Where’s my frame pump when I need it? And water bottle? Damn the Camelbak water system that has replaced water bottles – plastic missiles that, tossed with some precision – tend to dampen a dog’s enthusiasm in a hurry.

I figured a bike ridden by someone who knows what they’re doing can outrun just about any dog, certainly the short-legged mongrels that populate Cambodia. So I set myself to the task at hand, lowered my torso and focused on gaining more speed.

So far, so good. They were still there, but they seemed to be as close as they were going to get, and I was still picking up speed.

I rounded a bend in the path and glimpsed with horror at a five-foot wide mud hole blocking the path about 20 feet in front of me. It’s rainy season in Cambodia, and holes like this can stop a bike or toss a rider even at an easy pace. At full speed, this wasn’t going to end well, and with nowhere else to go the options were limited.

No time to think. Just react.

Once again instinct took over and I tugged the handle bars up while yanking both legs toward my chest – thank the gods of cycling for clipless pedals – in a perfect bunny hop that took me over the puddle. My rear wheel landed in the muck, but my momentum carried me onward and I remained upright.

Good thing, I thought to myself as I noted the barbed-wire fence to my left and the rock-strewn field to my right.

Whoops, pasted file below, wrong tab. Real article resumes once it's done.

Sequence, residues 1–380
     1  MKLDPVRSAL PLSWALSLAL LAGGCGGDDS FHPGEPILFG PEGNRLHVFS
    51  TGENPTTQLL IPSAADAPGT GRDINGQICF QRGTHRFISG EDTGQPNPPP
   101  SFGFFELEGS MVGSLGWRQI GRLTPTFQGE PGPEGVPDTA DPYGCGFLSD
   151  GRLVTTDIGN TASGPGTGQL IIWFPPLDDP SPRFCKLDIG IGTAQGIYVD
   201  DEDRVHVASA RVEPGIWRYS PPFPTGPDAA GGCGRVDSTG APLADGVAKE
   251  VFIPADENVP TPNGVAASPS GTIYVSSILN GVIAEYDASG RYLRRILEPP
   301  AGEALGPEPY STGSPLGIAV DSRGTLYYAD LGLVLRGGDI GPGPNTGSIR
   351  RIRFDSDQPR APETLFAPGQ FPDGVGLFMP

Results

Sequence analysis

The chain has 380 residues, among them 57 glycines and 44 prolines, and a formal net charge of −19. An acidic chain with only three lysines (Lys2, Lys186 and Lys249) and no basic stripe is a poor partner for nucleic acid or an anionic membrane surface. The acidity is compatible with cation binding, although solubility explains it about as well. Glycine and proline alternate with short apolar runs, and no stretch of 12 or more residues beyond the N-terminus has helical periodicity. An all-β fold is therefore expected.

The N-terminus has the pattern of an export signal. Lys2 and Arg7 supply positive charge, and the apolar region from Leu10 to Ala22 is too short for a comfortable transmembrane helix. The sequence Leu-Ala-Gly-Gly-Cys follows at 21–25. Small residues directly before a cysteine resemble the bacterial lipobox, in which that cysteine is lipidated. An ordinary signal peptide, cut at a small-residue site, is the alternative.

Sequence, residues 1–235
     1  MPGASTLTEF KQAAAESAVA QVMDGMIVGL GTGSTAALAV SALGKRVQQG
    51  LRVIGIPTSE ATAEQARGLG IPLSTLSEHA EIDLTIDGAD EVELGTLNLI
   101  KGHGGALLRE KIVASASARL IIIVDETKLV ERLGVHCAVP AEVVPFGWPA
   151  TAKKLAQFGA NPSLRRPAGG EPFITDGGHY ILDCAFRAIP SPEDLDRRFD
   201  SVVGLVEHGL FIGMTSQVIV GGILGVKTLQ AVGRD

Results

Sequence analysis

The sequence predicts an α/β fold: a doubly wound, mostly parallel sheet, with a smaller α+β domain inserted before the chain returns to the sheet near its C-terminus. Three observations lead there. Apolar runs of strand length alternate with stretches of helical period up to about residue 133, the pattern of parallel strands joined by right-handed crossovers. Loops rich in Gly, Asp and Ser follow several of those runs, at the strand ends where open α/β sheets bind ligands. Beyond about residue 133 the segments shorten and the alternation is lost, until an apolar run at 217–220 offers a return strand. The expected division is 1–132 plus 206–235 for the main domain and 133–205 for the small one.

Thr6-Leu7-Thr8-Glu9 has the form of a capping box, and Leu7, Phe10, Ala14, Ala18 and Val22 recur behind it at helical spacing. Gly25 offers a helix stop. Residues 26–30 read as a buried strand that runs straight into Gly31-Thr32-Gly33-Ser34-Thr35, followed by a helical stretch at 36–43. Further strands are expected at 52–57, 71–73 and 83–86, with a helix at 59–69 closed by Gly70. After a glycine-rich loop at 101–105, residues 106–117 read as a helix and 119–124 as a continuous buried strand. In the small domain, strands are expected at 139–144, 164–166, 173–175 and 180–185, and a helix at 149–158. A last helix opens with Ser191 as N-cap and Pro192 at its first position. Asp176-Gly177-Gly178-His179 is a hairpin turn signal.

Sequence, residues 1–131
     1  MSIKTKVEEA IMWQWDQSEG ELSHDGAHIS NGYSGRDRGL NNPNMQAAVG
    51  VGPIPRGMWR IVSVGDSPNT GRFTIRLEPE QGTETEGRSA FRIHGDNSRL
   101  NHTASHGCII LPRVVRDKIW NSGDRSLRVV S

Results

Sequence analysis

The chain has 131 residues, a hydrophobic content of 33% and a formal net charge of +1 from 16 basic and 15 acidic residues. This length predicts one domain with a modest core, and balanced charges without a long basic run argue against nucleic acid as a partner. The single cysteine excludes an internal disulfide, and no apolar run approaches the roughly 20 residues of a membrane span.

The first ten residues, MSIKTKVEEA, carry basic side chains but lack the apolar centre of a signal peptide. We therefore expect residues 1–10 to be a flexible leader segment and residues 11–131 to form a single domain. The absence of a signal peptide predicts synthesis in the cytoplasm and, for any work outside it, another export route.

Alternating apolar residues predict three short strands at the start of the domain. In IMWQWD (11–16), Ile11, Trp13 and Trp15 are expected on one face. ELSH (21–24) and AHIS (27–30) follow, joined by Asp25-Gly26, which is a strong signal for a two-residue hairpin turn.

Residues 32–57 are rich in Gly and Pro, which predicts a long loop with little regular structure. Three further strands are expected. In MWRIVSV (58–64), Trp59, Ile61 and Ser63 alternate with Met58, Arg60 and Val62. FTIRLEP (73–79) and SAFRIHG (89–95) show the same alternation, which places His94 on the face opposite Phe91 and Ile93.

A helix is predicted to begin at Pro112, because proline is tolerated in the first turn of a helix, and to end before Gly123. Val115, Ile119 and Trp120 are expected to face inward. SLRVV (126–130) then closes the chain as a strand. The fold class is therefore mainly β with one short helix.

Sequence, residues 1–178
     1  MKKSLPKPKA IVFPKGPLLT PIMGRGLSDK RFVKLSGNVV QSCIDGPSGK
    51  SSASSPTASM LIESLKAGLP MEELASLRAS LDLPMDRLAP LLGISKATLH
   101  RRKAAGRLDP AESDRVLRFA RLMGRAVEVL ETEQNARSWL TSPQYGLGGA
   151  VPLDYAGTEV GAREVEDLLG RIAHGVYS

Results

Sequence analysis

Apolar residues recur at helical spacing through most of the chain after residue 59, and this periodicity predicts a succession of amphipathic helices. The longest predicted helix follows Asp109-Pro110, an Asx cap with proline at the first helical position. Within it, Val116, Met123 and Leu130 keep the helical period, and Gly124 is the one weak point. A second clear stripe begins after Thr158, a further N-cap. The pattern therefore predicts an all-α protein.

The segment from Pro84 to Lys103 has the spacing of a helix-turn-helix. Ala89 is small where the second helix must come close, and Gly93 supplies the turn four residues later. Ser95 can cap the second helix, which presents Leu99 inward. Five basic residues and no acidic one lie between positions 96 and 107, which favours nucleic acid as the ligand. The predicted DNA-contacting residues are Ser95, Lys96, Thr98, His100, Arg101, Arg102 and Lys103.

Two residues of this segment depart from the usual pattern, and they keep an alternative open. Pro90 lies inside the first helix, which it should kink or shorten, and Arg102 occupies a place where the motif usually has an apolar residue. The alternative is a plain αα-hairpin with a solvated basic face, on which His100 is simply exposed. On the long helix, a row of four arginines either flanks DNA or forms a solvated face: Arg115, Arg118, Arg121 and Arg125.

At that pace a crash would have been ugly. Never mind that it would have made me easy pickings for the two dogs so bent on catching me.

As for them? The mud hole apparently dissuaded them from pursuing me, or they’d had simply had enough. They stopped, as I was able to determine after shooting a glance over my shoulder and beginning to back down.

It took me several hundred yards of easy pace to bring my heart rate out of the maximum zone and back to reality. Adrenaline is a wonderful drug when you need it, and venting your system after a rush like that takes some time.

About a mile further I encountered a male dog that lowered its ears and stared at me as I approached. I let out a banshee scream and scared the thing half way to Battambang.

“Enough!” I shrieked, along with a couple words unsuitable for publication, as if the dog hightailing away from me at full speed would understand.

Today I’m headed to the local bike shop to pick up a new water bottle. Not for me. For the next dog that decides I might be worth a chase.

Too old for this stuff? Me? Not. Quite. Yet.


  • Jackie Harris

    So expressively written and very entertaining! I’m so glad you didn’t end up being chewed to bits, or with a broken leg, at the bottom of the hole or elsewhere. I thoroughly enjoyed your story.

  • Barrie Barru

    Ha, ha, ha, ha. Well done that man.:-)

  • Thary Sun Lim

    Wow, that was an exciting and heart thumping account of a wild chase! I’m glad that you made it out ok 🙂 Yay, mud puddles!

  • Jack Jackson

    Well done, and well told! You may also consider replacing the water bottle with a slingshot.